I was also blessed with a few extraordinary teachers in high school who helped me on my path towards greater things. For example Ms. Lee Anne Torlakson was my English teacher and a great inspiration. She is a woman who cares deeply about learning, and when I talked to her just recently on the phone, her enthusiasm remains unabated. She made such tremendous demands of me in terms of my writing and my interpretation of what I read. We were constantly given assignments to read literature, such as Shakespeare, and comment on what we wrote in detail. Ms. Torlakson then wrote extensive comments on our writings, explaining the aspects of the text we had not understood. She also graded us for content (our ideas) and style (the quality of our writing). We were forced to hold ourselves to a very high level in both through her instruction. Papers that were well written but had little content would have that weakness pointed out, as would papers that had fascinating content, but were poorly written.

Equally important for me in my education were the other students at Lowell High School. My close friend Michael Malione, who would eventually go to Harvard, often invited me over to his house. He also was a very driven student, but also interested in learning about the world. We did our own chemistry experiments together when no one was around, occasionally blowing things up. We made videos in which we explained the universe, as if we were running a science program for children. With the support of the chemistry teacher Mr. Briggs, we started the science club which gathered together capable students interested in science frequently to learn more about the world around us. Above all, we learned from each other.

Another friend, John McDonald, founded the astronomy club to promote the learning about the universe. We used his telescope to observe the planets and stars, and on occasion he gave short lectures for us on astronomy. John went on to be a professional astronomer. He now works at University of California, Berkeley, and I hear from him on occasion. I remember vividly walking along the beach with John in high school, talking about the world around us and imagining what we might do together in the future.

But perhaps our biggest success was the Philosophy Club, founded with the additional help of Emily Murase, a Japanese American who is now quite active in San Francisco education politics, and Steve Rothblatt, an advocate for human rights globally today. The Philosophy Club consisted of events for students to meet off campus and debate intellectual issues. We also had presentations by members and readings in works of history and literature. In some ways it approached a class in its own right, but one that was entirely voluntary. We joined Philosophy Club because we were interested and we worked hard at it because we believed in it.

Over time, my interests shifted away from architecture and towards literature. Perhaps it was my failure in mechanical drawing that made me doubt that I could pursue that career. My father even made a special effort to introduce me to successful architects, but it I did not shift away from my position. In fact, I would not take an interest in documenting and saving old buildings until 2010 when I started to think about how we could help to make the city of Daejeon into a more livable and culturally enjoyable city. At the time, the shift towards literature was critical for my intellectual development for it led me to think deeply about language, a step necessary to learn foreign languages.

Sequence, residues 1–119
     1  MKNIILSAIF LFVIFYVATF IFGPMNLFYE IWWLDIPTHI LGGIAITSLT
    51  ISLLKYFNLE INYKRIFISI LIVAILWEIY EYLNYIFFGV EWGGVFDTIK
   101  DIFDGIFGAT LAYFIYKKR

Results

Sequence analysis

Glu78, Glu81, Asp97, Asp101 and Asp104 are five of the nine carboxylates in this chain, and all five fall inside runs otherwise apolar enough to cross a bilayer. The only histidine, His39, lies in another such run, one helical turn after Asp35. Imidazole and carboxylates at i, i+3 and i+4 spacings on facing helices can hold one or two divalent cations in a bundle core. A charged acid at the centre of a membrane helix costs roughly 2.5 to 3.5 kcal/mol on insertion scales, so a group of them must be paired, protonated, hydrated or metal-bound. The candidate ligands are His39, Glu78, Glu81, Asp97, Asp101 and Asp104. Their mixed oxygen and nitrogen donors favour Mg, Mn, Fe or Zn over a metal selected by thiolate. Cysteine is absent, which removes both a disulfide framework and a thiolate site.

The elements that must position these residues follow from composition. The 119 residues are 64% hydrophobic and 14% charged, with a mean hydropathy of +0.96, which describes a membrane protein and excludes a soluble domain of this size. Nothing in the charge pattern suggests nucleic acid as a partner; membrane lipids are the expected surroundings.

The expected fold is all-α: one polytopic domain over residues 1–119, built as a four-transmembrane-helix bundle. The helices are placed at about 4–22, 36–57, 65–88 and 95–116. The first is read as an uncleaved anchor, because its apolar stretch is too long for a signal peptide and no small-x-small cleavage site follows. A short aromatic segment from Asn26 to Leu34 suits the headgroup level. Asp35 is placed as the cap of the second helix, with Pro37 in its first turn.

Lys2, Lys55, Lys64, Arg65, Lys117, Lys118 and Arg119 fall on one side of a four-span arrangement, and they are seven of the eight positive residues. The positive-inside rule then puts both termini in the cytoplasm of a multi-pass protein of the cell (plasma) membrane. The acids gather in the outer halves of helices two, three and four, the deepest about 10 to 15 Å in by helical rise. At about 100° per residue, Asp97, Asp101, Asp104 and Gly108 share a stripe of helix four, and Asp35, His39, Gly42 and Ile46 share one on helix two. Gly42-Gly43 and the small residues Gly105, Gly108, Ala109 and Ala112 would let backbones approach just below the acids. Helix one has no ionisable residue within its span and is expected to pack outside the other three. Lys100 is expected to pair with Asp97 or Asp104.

I became a member of the Lowell High School literary magazine “The Myriad” my junior year of high school. A group of about ten students were members of this journal and met regularly to review the submissions of poetry and short stories that they received. It is remarkable now to think back on how many students at Lowell were active writing in high school. I enjoyed the debates over literature held there. In fact, only a few poems that I wrote were ever accepted. I think the other students simply did not like my style of writing. Even after I won a national prize for my poetry in my senior year the other students of Myriad did not pay much attention to my writings. I learned the literature is not a democratic thing. I have always been slightly different than the other students, but at the same time, I wanted always to be involved in student activities, to be a member of the team.

I spent the summer after my junior year in France, 1982,  working hard to master French. I had lost the invaluable opportunity to learn French as a child, and now I had decided I would not make the same mistake again. I was in Paris for six weeks hard at work at a language school studying French language. This time I took the grammar seriously. I lived with a French family so that I could speak French all day long, and I sought out every possible opportunity to learn more of the language. My father had given me a list of friends he had in Paris and I sought out every one of them. I even went to see the woman who had been my father’s home stay mother when he was in Paris in 1958. The thrill of living abroad was considerable and my ability in French improved notably. But at the same time, I found France a bit too familiar. My father and mother had lived in France. My parents were extremely fluent and well-read in French. No matter how hard I worked, I would not reach that level, I thought. I had to try something different.